Stories of many lifetimes: Warm Springs Elder works to preserve Native culture and voice with book detailing tribal life

Zeva Rosenbaum, News Contributor

As a child, Linda “LaMoosh” Meanus, lived at Celilo Village, across the railroad tracks from the falls and was no stranger to the importance of salmon to her tribe and others in the area.

Meanus has recently released a book through OSU Press titled My Name is LaMoosh, detailing her experiences growing up near Celilo Falls as the granddaughter of Warm Springs Chief Tommy Thompson  before the 1957 dam completion that destroyed the falls and her village.

Celilo Falls served as a fishery to multiple tribes, and when The Dalles Dam submerged the falls under the Columbia River, these tribes’ way of life was forever changed.

“When they did the dynamite it was like one big ‘boom,’” Meanus said, “The roar of the river just went (to) complete silence. Some of my older elders, they said it was one of the biggest funerals our people had to go through, a big loss.”

According to Meanus, she’d been considering writing a book for a while and was inspired by Dr. Katie Barber, a historian at Portland State University who had written about Celilo previously, as well as linguist Virginia Beavert.

“I always feel good, even though I get emotional, talking about Celilo,” Meanus said. “It gets hard to talk about, but it was important to talk about the way of life and the importance of the salmon before the destruction of Celilo.”

Meanus said she wanted to write a book in part because she finds it necessary to keep sharing her people’s stories before they disappear.

“It was always important to listen to the Elders when they would tell us stories,” Meanus said. “What I talk about, how important our foods and how important our water is in our culture, and I think it’s important to keep it going because I know I don’t want to lose (more). What I already lost was my language, but I’m trying to relearn that. I think that’s our greatest loss, our language.”

According to Meanus, boarding school is part of the reason she lost touch with her people’s language, although she does still have her name. The name “LaMoosh” means Little Flower Floating on a Big River.

Thanks to the government’s pressure, Meanus attended a Catholic boarding school in Lake Oswego, the alternative being placement in foster care.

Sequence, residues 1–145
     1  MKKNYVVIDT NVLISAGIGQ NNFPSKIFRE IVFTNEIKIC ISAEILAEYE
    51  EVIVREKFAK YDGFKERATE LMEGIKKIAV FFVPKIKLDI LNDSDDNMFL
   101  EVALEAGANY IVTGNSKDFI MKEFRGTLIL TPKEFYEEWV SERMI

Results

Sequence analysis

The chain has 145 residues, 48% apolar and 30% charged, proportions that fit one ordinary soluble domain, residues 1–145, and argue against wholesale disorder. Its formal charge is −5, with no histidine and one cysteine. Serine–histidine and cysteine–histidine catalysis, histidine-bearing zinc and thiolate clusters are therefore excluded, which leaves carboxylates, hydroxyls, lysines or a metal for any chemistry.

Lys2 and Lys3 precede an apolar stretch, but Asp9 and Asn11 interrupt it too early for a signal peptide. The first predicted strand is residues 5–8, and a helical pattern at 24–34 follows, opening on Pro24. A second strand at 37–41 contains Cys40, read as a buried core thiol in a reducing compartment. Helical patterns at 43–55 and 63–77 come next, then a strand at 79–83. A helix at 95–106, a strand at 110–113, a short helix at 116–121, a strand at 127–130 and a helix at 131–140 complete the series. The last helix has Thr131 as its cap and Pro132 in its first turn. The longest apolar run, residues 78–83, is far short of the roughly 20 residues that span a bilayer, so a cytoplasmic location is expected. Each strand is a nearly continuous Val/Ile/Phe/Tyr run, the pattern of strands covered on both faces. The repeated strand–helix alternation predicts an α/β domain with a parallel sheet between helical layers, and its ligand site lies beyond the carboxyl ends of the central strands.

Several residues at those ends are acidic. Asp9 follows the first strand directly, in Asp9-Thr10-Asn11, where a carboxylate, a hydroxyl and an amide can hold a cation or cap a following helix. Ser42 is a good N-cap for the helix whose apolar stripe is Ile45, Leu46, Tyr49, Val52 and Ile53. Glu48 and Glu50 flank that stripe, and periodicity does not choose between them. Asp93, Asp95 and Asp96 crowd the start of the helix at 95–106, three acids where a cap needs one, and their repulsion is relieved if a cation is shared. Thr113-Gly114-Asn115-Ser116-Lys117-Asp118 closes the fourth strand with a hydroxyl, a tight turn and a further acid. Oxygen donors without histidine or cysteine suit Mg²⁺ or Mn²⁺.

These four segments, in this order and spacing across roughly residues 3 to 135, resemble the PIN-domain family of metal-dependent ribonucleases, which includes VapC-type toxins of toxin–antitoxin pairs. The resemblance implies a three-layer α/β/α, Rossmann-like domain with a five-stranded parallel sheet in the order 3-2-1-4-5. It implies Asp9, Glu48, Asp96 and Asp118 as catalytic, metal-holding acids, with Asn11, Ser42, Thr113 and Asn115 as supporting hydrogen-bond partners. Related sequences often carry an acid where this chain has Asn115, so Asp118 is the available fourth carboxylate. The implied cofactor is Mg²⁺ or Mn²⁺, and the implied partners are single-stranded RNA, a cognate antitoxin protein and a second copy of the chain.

The Indian Child Welfare Act was not enacted until 1978. Prior to ICWA being passed, thousands of Native children were forcibly removed from their homes and placed in foster care or boarding schools. Approximately 25-35% of all Native children were affected by the crisis, which still has ripple effects today.

In fact, ICWA was recently on the Supreme Court’s chopping block, but was ultimately upheld and is still intact.

At the time of the flood, Meanus was already placed in the boarding school, so she had to watch the event on TV. However, her grandmother came and got the then six-year-old Meanus from school to take her to see the flood site.

“It broke my heart, like my grandfather’s,” Meanus said.

Meanus’ grandfather became chief of the tribe when he was twenty years old and, according to her grandmother’s stories, he lived for their salmon.

“When they destroyed the falls, they gave our people money, but my grandfather tore up his check,” Meanus said. “He didn’t want the money, he wanted our salmon.”

Meanus said she had a good childhood. Her father would spend his days at the river, working on the scaffolding of the fishery, and her mother would load up salmon with the other women of the village to be prepared in a variety of ways, such as smoking or drying.

Meanwhile, Meanus and the other kids would finish their chores and play. They didn’t have TV or school, but Meanus said she was probably better off that way. She said they would play jacks and hopscotch, or marbles and “army” with the boys, and they would make box-sleds in the winter.